A new treatment for the eye disease macular degeneration is showing great promise in studies. This may potentially lead to new forms of treatment for age-related macular degeneration and could help prevent blindness caused by this degenerative eye disease.
Research conducted at the Scripps Research Institute in California has produced great results for a new macular degeneration treatment. The study involves controlling actions of microRNAs once considered junk in genetic material. However, with research showing these tiny pieces of RNA fine-tune gene activation, research into treatments for macular degeneration has shown that it may be apposible to stop the neovascularization of blood vessels that causes wet macular degeneration.
Wet macular degeneration occurs when blood vessels ‘leak’ causing damage to the central vision in those people suffering from this form of AMD. The research conducted shows that when treating mice with microRNA it was possible block the growth of these ‘leaky’ blood vessels without causing damage. This made researchers conclude it may be possible to treat eye diseases such as macular degeneration.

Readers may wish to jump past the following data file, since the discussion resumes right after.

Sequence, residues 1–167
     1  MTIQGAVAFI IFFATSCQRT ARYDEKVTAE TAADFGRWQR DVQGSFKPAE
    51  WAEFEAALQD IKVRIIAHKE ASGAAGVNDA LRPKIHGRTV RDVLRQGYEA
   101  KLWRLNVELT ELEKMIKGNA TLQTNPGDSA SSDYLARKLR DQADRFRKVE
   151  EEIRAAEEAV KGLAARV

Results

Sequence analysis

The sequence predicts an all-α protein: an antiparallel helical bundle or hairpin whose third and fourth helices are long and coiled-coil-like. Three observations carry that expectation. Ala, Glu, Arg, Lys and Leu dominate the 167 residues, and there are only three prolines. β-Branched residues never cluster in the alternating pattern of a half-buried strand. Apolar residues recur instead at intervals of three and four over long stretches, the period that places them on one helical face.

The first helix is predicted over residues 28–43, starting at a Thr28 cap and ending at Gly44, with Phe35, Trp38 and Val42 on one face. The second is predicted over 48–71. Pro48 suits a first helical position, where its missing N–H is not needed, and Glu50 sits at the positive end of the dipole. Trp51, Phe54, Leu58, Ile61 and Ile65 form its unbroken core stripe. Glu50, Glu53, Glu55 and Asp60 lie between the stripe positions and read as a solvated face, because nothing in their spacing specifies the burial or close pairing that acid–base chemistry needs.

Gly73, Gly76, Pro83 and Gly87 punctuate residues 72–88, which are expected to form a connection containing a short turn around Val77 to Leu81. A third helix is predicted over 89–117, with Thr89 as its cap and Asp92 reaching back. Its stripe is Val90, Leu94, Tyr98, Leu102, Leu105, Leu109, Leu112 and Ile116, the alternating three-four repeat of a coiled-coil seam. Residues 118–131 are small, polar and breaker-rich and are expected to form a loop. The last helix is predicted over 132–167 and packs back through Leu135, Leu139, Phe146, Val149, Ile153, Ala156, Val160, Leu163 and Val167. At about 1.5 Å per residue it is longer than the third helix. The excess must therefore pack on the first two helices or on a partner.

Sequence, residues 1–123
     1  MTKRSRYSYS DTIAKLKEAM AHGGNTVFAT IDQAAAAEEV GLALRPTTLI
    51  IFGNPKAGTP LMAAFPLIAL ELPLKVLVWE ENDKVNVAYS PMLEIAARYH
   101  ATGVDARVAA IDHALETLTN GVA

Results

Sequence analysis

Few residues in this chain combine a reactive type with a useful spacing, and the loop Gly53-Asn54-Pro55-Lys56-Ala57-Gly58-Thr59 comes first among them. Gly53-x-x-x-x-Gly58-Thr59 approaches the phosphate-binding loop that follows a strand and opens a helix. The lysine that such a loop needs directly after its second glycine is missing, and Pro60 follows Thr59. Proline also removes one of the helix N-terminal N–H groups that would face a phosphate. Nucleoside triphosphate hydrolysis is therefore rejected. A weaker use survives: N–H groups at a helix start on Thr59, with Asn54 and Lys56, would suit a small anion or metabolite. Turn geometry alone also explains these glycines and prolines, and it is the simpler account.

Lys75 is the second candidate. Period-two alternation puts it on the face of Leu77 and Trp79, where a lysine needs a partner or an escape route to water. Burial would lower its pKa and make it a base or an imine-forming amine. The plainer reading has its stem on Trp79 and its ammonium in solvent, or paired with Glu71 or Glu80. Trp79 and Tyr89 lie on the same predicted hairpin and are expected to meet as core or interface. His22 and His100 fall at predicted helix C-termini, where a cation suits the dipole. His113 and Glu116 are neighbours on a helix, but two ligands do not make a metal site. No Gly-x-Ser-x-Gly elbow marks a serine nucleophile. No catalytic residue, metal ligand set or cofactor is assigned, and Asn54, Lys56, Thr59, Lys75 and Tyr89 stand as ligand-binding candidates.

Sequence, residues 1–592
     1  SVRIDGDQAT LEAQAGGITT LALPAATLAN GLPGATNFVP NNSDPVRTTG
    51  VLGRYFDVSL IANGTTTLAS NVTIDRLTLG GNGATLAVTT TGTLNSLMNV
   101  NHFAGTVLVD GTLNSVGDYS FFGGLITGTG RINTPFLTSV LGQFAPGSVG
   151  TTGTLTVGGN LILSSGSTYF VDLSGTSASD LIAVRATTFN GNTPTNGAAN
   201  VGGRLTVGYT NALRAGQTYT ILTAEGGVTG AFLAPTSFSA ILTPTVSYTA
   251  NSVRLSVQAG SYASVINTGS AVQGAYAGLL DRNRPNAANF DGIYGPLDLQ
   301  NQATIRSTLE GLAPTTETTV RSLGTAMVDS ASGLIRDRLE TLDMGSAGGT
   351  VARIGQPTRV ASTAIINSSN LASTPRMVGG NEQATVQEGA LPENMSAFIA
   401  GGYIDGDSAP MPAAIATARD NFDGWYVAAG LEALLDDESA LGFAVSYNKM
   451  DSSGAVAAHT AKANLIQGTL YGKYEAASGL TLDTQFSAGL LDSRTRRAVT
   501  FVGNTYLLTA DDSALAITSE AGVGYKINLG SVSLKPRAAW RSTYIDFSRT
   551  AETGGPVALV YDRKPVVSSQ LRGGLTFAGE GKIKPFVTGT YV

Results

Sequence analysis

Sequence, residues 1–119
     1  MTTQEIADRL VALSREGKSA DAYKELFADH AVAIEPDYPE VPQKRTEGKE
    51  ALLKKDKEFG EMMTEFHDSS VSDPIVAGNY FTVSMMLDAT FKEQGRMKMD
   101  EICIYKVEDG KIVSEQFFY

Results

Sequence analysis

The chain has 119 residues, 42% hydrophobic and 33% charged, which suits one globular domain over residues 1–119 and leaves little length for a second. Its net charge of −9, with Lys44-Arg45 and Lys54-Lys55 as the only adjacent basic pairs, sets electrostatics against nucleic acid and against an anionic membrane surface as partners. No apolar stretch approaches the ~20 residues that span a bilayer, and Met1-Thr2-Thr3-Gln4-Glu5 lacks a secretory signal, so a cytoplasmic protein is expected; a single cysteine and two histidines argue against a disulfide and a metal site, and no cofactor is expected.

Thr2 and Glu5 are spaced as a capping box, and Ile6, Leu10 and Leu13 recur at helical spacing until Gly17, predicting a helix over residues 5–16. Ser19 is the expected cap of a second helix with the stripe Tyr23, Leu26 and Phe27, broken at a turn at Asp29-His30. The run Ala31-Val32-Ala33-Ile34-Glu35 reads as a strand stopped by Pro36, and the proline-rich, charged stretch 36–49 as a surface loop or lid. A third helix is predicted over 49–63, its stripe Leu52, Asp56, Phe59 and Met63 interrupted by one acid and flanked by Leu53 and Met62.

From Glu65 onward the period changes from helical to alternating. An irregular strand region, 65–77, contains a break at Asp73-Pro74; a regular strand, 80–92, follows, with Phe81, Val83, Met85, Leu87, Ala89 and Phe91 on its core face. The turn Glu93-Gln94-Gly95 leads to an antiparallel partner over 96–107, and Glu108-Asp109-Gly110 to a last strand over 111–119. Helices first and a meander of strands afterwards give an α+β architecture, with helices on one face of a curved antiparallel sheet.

Senior author of the story, Professor Martin Friedlander, MD, PhD stated “We believe that targeting and inhibiting the action of microRNAs involved represent a novel and effective way to treat a broad range of neovascular eye diseases such as diabetic retinopathy, macular degeneration and macular telangiectasia.”
Research into macular degeneration has shown that the eye disease is linked to a protein called VEGF. This causes abnormal growth of blood vessels in the back of the eye, affecting the retina and damaging central vision. This is common in wet macular degeneration and the rapid progression of the eye disease results in blindness in a majority of the aging population diagnosed with the condition. Until now, treatments has largely consisted of anti-VEGF injections of drugs such as Lucentis, Avastin, Macugen and Eylea.
These macular degeneration treatments blocked VEGF production and prevented the growth of abnormal blood vessels in the eye. Unfortunately, it could also disable growth of new vessels and affect the function of the nerve cells and blood vessels in the retina, creating unintended problems in the eye.
Utilizing treatments for macular degeneration designed around microRNA blocking could potentially revolutionize treatments for the eye disease.